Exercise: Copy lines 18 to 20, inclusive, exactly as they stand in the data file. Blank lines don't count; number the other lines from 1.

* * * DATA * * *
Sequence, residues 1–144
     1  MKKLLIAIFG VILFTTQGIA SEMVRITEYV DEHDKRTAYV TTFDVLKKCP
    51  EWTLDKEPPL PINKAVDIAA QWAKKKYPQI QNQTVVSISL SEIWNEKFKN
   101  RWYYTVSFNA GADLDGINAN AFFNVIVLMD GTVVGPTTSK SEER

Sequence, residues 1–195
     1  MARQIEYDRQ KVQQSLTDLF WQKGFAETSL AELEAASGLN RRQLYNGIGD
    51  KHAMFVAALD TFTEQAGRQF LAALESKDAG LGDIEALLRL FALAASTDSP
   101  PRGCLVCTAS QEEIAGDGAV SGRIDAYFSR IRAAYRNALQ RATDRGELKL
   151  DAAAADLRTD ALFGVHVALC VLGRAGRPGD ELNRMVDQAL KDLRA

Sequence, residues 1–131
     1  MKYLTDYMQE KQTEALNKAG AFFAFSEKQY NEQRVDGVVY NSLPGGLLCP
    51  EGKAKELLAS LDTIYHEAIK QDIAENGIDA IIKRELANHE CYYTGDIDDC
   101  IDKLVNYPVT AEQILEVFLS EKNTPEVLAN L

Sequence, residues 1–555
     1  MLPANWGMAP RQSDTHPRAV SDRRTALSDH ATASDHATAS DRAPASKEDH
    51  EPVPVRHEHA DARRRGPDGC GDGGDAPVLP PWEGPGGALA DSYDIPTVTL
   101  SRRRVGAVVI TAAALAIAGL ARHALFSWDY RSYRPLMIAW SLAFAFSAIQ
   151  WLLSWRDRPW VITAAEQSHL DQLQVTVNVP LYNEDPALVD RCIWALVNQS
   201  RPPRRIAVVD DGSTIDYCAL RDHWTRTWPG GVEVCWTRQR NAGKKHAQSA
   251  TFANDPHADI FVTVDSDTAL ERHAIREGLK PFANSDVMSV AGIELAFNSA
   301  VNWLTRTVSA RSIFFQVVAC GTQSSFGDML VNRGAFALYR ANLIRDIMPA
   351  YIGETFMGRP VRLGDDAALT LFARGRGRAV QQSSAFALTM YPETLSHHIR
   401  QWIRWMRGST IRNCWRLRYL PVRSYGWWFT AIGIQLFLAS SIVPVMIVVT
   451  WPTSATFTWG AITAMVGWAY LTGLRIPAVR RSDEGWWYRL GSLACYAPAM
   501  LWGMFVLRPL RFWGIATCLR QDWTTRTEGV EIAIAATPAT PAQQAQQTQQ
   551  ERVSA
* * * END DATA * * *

   151  WLLSWRDRPW VITAAEQSHL DQLQVTVNVP LYNEDPALVD RCIWALVNQS
   201  RPPRRIAVVD DGSTIDYCAL RDHWTRTWPG GVEVCWTRQR NAGKKHAQSA
   251  TFANDPHADI FVTVDSDTAL ERHAIREGLK PFANSDVMSV AGIELAFNSA